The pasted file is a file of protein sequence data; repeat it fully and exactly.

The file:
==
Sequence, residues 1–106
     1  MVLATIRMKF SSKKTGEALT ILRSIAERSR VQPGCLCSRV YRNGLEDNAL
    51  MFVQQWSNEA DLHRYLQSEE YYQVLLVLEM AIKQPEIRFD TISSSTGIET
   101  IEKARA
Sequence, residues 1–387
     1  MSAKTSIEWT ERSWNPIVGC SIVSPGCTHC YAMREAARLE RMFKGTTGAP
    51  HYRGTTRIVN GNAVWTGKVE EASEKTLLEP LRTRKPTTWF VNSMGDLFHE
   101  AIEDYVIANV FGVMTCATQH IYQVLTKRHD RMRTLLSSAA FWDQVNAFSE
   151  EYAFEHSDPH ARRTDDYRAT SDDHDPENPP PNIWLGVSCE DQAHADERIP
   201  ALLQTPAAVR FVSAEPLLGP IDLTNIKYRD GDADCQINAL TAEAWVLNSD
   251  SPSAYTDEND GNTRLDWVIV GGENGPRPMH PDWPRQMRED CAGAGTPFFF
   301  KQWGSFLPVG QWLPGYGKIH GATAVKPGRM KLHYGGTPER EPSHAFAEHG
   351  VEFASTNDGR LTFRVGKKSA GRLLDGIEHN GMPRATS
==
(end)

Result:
Sequence, residues 1–106
     1  MVLATIRMKF SSKKTGEALT ILRSIAERSR VQPGCLCSRV YRNGLEDNAL
    51  MFVQQWSNEA DLHRYLQSEE YYQVLLVLEM AIKQPEIRFD TISSSTGIET
   101  IEKARA
Sequence, residues 1–387
     1  MSAKTSIEWT ERSWNPIVGC SIVSPGCTHC YAMREAARLE RMFKGTTGAP
    51  HYRGTTRIVN GNAVWTGKVE EASEKTLLEP LRTRKPTTWF VNSMGDLFHE
   101  AIEDYVIANV FGVMTCATQH IYQVLTKRHD RMRTLLSSAA FWDQVNAFSE
   151  EYAFEHSDPH ARRTDDYRAT SDDHDPENPP PNIWLGVSCE DQAHADERIP
   201  ALLQTPAAVR FVSAEPLLGP IDLTNIKYRD GDADCQINAL TAEAWVLNSD
   251  SPSAYTDEND GNTRLDWVIV GGENGPRPMH PDWPRQMRED CAGAGTPFFF
   301  KQWGSFLPVG QWLPGYGKIH GATAVKPGRM KLHYGGTPER EPSHAFAEHG
   351  VEFASTNDGR LTFRVGKKSA GRLLDGIEHN GMPRATS